Rat rescue

Merry Jordan gets the same disbelieving look whenever she tells someone she rescues abandoned, abused and unwanted pets. Not because she rescues. But because the pets are rats. 


Daryn Slover/Sun Journal
Merry Jordan scratches Chord's belly at her Westbrook home on Friday. Jordan, a volunteer with Mainely Rat Rescue, is a foster mother for Chord, a blue agouti hooded rat.


Daryn Slover/Sun Journal
Eight-week-old Chord was surrendered to the Animal Refuge League in Westbrook. Jordan is hoping to find him a good home.

"It's your typical, 'Oh. Ew. Rats,'" she said. 

Although the stuff of nightmares for some people, for Jordan, a volunteer at the nonprofit, statewide Mainely Rat Rescue, rats are the perfect pets — smart enough to be litter box trained, playful enough to engage in a game of fetch, friendly and loving enough to snuggle with their favorite humans.

"They're like dogs but smaller," said Jordan, a 24-year-old CNA from Westbrook.

And they're just curious enough to make life interesting.

"A group of rats is called a mischief for a reason," she said.

Jordan runs Mainely Rat Rescue's online store, which offers, among other things, rat hammocks handmade by her mother. She goes out on rescue calls and has counseled potential adoptive families about choosing their perfect rat. She is also a foster parent, taking in unwanted rats until they are adopted.

Last week she was foster mom to Chord, a gray-and-white baby boy. She also planned to take in Elan, a friendly young rat found playing in someone's yard in Bucksport.

That's on top of her own 10 rats.

"We have a lot of fun with rats around here," she said.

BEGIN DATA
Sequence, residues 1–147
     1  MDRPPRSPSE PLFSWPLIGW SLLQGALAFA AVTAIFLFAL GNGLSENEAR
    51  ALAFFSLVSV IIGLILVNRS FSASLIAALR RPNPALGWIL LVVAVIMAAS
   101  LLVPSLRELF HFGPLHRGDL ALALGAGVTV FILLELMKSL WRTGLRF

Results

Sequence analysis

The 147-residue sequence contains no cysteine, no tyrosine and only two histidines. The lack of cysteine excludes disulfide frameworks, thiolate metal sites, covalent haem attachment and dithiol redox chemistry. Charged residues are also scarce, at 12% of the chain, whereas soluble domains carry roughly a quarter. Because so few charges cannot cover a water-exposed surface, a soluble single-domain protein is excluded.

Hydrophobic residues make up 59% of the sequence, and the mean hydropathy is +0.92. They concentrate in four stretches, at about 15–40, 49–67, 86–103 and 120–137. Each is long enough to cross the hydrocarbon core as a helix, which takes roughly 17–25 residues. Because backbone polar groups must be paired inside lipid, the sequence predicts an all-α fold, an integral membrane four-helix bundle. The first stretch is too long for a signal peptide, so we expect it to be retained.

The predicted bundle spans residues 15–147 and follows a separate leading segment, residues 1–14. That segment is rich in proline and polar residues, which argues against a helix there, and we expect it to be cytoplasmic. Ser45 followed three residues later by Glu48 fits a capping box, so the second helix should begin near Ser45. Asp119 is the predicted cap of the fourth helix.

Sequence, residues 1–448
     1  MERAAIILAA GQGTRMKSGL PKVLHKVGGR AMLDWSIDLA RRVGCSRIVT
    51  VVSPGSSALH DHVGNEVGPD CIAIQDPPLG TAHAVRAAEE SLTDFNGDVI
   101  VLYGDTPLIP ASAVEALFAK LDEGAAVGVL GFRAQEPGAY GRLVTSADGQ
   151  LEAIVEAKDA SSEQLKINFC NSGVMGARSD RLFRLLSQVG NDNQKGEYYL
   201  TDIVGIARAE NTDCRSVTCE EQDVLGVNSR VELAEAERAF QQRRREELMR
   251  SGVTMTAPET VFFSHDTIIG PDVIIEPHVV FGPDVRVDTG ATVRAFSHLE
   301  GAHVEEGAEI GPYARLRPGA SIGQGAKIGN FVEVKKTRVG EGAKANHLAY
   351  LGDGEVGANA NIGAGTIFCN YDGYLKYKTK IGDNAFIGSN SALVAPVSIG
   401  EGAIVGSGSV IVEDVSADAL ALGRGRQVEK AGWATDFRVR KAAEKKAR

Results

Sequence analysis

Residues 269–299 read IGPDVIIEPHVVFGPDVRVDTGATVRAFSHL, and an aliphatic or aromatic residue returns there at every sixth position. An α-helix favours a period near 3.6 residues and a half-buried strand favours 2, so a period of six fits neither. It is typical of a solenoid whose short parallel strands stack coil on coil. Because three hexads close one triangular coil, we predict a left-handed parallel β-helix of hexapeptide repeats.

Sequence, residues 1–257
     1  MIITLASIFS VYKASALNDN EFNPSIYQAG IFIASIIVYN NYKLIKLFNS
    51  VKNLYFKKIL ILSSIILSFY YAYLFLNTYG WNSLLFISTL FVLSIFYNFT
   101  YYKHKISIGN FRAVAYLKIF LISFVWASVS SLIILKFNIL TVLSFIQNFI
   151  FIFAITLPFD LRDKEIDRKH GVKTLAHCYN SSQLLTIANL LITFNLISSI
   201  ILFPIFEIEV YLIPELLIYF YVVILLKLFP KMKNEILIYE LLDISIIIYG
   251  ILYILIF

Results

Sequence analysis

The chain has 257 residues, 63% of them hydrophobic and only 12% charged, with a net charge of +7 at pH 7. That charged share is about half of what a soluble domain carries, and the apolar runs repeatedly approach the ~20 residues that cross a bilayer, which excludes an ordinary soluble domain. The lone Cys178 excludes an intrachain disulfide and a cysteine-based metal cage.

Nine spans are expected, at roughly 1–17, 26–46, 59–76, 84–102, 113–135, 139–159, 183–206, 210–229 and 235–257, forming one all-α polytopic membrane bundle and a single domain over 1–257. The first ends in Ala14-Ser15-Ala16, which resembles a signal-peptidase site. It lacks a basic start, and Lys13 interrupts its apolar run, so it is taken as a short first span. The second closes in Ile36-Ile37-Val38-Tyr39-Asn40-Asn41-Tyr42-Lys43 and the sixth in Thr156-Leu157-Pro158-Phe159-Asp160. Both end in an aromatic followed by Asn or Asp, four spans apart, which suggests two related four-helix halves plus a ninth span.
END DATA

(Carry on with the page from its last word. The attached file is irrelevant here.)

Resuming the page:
Jordan first fell in love with rats when she was 14 and her biology teacher brought to class a pet hairless rat named Rogaine. She became involved with Mainely Rat Rescue when the group started two years ago. 

The rescue group's rats are typically abandoned, abused or unwanted. Some come from overcrowded shelters. Some are found wandering outside as strays and brought in by rat-friendly people. Others are surrendered by owners unable or unwilling to care for them anymore.

With no central location, the group is run through a board of volunteers and a network of foster homes. Although based in Maine, the group has volunteers and does adoptions in New Hampshire, Massachusetts, Vermont and New York.  

Last year, it found adoptive families for 350 rats. Because rats can get depressed when alone, the group tries to find them homes in pairs or trios.

Rats who are too sick, too close to the end of their average two-year life span or otherwise unadoptable stay in foster care or are moved to a special hospice foster home, where they spend the rest of their lives — though, sometimes, they are permanently adopted by their foster family. That's what happened with Sylas, a blind white rat found abandoned in a closed cat carrier in the woods. Jordan took him in and has no plans to let him go. 

Of her 10 rats, nine are former fosters. 

Jordan has fostered dozens of rats over the last two years. It's hard for her to let any of them leave, but the more she finds homes for, she said, the more she can help. 

"The best part is being able to let them go," she said.

Have an idea for a pet feature? Contact Lindsay Tice at 689-2854 or e-mail her at ltice@sunjournal.com 

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Melissa  Dunn's picture

i think that this is a great

i think that this is a great program! kudos to you for doing some kind of good in this world!


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